On September 29, 2020, Judge Jeffrey S. White of the U.S. District Court for the Northern District of California issued a nationwide preliminary injunction enjoining the U.S. Department of Homeland Security’s (DHS) proposed fee increases for U.S. Citizenship and Immigration Services’ (USCIS) immigration and citizenship applications. The final rule adjusting the fees was set to take effect on October 2, 2020, with some case types set to see substantial fee increases.
The ruling comes in response to a lawsuit that Immigrant Legal Resource Center along with several nonprofit organizations filed in August 2020. The case remains in active litigation, but Judge White issued a nationwide injunction to temporarily halt the fee increases, stating that the plaintiffs were likely to succeed on the merits.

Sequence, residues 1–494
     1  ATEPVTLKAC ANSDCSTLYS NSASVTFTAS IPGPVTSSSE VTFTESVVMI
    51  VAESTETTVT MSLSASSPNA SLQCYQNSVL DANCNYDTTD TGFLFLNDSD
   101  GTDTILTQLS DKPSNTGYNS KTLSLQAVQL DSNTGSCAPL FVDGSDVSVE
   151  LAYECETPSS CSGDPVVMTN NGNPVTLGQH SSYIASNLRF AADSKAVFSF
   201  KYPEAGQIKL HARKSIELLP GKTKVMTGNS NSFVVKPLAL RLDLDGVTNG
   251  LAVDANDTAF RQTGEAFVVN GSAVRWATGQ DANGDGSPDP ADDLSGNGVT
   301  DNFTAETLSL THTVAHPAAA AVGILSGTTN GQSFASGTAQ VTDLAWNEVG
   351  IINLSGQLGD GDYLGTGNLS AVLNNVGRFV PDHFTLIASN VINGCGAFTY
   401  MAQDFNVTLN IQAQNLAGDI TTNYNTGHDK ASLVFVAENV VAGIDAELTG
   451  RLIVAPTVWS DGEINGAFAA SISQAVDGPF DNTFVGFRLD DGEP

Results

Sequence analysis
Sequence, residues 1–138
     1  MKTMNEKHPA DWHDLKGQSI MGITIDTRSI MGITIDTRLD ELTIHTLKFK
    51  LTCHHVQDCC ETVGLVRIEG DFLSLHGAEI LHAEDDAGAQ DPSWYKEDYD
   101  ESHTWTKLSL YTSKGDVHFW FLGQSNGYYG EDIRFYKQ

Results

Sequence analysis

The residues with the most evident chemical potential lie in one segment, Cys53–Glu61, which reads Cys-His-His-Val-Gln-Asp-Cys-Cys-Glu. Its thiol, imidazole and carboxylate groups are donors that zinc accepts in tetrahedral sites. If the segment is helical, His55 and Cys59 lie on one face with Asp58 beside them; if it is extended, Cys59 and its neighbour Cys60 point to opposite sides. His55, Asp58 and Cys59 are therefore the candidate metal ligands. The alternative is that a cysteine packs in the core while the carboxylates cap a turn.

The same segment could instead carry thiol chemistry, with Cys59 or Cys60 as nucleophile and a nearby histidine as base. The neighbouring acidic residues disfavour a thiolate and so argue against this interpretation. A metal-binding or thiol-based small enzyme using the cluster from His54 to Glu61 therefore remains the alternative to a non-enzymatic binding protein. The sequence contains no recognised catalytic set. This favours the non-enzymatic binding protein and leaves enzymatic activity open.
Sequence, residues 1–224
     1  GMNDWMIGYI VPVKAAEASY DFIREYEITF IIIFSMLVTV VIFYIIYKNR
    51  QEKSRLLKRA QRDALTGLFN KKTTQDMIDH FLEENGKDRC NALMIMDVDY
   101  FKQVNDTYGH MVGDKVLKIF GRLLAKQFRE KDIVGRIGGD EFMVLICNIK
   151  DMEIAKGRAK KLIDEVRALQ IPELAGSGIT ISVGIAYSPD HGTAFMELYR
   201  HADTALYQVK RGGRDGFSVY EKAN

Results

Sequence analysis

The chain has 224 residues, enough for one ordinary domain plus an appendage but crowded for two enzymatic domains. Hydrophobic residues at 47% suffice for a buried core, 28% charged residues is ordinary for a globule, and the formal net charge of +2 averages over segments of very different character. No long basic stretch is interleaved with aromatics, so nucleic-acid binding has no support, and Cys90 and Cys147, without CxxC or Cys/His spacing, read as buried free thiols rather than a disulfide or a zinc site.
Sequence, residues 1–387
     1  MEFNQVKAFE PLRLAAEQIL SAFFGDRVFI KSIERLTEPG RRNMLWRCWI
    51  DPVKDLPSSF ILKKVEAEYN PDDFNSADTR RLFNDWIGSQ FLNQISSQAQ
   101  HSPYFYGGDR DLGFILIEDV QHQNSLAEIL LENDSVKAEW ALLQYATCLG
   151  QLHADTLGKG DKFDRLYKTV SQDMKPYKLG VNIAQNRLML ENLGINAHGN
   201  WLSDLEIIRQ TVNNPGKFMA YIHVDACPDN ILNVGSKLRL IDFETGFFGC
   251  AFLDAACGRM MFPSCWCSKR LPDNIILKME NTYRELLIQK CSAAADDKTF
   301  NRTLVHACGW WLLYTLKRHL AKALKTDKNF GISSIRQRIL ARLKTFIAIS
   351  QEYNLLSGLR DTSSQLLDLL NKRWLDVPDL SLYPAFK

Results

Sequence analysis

In his ruling, Judge White pointed to the strength of the plaintiffs’ claims that Acting Secretary of Homeland Security Chad Wolf and his predecessor had been invalidly appointed to their posts and lacked the legal authority to issue the final fee increase rule. He also noted that the nationwide injunction was in the public interest because the implementation of the rule raising application costs would have a negative impact on low-income applicants for immigration benefits. Previously, “the United States did not charge a fee to apply for asylum,” Judge White noted.
Current USCIS filing fees will remain in effect until the injunction is lifted.
Ogletree Deakins’ Immigration Practice Group will continue to monitor developments with respect to the ongoing litigation and will post updates on our Immigration blog as additional information becomes available.